Intel Corp. (INTC) and Microsoft Corp. (MSFT), whose products run at least 80 percent of the world’s personal computers, are set to report lackluster sales growth as China’s slowing economy exacerbates stalling demand for PCs.
Intel, the largest maker of microprocessors, and Microsoft, the No. 1 software company, will report quarterly earnings this week. Analysts project both will say sales rose 5 percent or less from a year earlier, as consumers choose tablet computers and smartphones over PCs or hold off on purchases altogether.
Growth is slackening in China, the world’s largest PC market since last year. That’s fueling concern that electronics makers can’t count on Asia to counterbalance diminished demand in recession-ravaged Europe or in the U.S., where a recovery is taking hold at a slower-than-predicted pace. With Intel and Microsoft yet to gain market share in tablets against Apple Inc., the PC industry may struggle to grow at all this year, according to research by Robert W. Baird & Co.
“The current picture is lousy,” said Pat Becker Jr., a fund manager at Portland, Oregon-based Becker Capital Management Inc., which owns Intel and Microsoft shares. “It’s Europe, it’s the chain reaction into the emerging markets.
There have already been hints that China is affecting growth in the PC industry. Last week, Intel rival Advanced Micro Devices Inc. (AMD) disclosed that revenue unexpectedly slumped 11 percent in the second quarter. AMD, Intel’s only remaining competitor in PC processors, blamed weakness in China and Europe for a revenue decline that contrasted with its previous estimate for growth of as much as 6 percent.
Applied Materials Inc. (AMAT), Intel’s largest supplier, cut its annual targets last week, citing delayed orders for its chipmaking equipment because of weaker end-market demand for semiconductors in the same regions.
China recorded its weakest expansion in three years in the second quarter when its economy advanced 7.6 percent from a year earlier, a government report in Beijing showed July 13.
In April, Santa Clara, California-based Intel predicted sales of $13.6 billion, plus or minus $500 million, for the second quarter. Analysts on average project sales will rise about 4 percent to match the midpoint of the company’s forecast, with per-share profit estimated to be 52 cents a share, according to data compiled by Bloomberg. Gross margin, the only measure of profitability that Intel forecasts, was expected to be about 62 percent, the company said.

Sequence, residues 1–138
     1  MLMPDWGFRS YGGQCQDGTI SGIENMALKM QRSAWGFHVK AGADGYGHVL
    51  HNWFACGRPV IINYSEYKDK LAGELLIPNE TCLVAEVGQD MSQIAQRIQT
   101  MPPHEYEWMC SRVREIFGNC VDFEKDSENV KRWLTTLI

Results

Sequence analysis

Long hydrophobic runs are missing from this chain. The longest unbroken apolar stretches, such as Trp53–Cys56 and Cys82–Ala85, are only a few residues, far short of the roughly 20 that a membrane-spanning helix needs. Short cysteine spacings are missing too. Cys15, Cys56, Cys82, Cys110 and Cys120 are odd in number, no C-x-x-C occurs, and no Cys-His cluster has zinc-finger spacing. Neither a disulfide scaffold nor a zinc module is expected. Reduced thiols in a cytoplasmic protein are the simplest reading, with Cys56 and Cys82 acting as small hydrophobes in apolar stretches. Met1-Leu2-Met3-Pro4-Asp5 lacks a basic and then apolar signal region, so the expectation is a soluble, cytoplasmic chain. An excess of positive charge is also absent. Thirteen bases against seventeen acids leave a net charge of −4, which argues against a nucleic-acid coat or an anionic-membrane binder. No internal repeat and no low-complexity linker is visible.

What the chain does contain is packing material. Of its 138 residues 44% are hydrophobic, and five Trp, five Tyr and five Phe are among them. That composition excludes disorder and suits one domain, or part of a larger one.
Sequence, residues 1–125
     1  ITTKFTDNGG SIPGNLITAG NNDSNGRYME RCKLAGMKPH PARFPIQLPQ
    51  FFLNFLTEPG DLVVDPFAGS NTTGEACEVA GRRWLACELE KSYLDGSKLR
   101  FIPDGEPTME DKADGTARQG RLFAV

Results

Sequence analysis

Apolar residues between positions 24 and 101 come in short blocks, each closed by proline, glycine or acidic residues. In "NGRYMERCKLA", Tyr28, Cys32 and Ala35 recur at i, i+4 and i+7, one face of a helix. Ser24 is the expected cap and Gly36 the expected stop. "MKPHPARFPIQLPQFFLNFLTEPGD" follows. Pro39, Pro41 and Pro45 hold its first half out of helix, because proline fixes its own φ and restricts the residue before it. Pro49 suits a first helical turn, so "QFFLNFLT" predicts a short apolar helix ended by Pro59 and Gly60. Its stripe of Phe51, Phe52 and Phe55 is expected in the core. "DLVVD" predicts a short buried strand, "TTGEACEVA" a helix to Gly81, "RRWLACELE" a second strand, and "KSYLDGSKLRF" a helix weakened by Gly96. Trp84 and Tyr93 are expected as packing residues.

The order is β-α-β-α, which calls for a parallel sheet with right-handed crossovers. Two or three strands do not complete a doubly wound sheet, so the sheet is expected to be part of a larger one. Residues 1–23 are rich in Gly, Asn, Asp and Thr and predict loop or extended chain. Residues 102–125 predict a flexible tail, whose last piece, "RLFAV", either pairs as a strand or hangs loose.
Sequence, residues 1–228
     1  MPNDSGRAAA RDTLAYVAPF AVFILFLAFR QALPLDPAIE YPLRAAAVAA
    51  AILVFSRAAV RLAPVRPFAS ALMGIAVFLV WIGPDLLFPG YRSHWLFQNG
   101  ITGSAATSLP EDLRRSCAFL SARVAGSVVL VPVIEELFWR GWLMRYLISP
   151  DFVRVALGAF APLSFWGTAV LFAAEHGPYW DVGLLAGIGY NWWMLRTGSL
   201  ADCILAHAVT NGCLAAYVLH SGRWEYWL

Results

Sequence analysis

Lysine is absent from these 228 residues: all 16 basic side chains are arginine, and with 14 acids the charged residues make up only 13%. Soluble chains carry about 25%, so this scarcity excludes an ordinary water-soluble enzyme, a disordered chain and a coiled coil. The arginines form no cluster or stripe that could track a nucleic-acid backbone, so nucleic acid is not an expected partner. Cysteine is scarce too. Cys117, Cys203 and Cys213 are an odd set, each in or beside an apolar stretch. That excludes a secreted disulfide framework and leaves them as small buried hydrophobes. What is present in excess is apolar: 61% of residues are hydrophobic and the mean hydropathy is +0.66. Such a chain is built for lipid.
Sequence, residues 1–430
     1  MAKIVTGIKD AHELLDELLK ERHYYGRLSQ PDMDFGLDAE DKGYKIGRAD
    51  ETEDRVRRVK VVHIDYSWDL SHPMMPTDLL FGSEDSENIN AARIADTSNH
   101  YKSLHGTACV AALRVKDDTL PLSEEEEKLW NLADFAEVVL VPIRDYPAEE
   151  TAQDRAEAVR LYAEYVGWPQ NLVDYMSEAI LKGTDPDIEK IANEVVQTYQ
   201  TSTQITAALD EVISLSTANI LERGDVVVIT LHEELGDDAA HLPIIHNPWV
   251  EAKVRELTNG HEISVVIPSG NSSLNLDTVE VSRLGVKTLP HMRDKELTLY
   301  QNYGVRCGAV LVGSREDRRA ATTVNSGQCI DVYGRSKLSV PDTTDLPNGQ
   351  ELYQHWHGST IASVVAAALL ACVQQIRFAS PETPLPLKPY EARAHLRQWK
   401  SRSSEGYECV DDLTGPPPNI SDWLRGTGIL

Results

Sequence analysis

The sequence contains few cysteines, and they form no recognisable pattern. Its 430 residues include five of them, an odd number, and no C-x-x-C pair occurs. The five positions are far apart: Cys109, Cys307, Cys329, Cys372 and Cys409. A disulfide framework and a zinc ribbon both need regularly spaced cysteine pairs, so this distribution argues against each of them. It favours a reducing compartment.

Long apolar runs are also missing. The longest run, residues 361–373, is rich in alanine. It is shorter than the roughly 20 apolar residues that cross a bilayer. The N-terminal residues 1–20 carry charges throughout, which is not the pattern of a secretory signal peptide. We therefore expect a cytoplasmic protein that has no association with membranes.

Intel will post earnings tomorrow after 4 p.m. New York time, kicking off two weeks of financial reports by the largest U.S. technology companies. Redmond, Washington-based Microsoft will follow on July 19 after the market closes.
While AMD’s revenue disappointment may have been caused in part by market-share losses to Intel and Nvidia Corp. in graphics chips, the magnitude of the miss shows just how quickly PC demand has dropped, said Mike Burton, an analyst at Northland Securities Inc.
‘‘It’s indicative of a very poor environment for PCs,” said Burton, who has a market perform rating on Intel shares. “It’s not just AMD.”
Global PC shipments stalled in the second quarter, declining 0.1 percent to 87.5 million units, according to a July 11 report from industry researcher Gartner Inc. The firm cited an uneven economic recovery in the U.S., slower spending in China and Europe, and the encroachment of Apple’s iPad and other tablets. Gartner predicts the PC market will grow just 2.7 percent this year.
Added evidence that Europe’s economic woes are crimping technology sales came July 12, when printer maker Lexmark International Inc. said that revenue declined about 12 percent in the June period, citing Europe. That’s greater the 7 percent to 9 percent drop the company had forecast in April.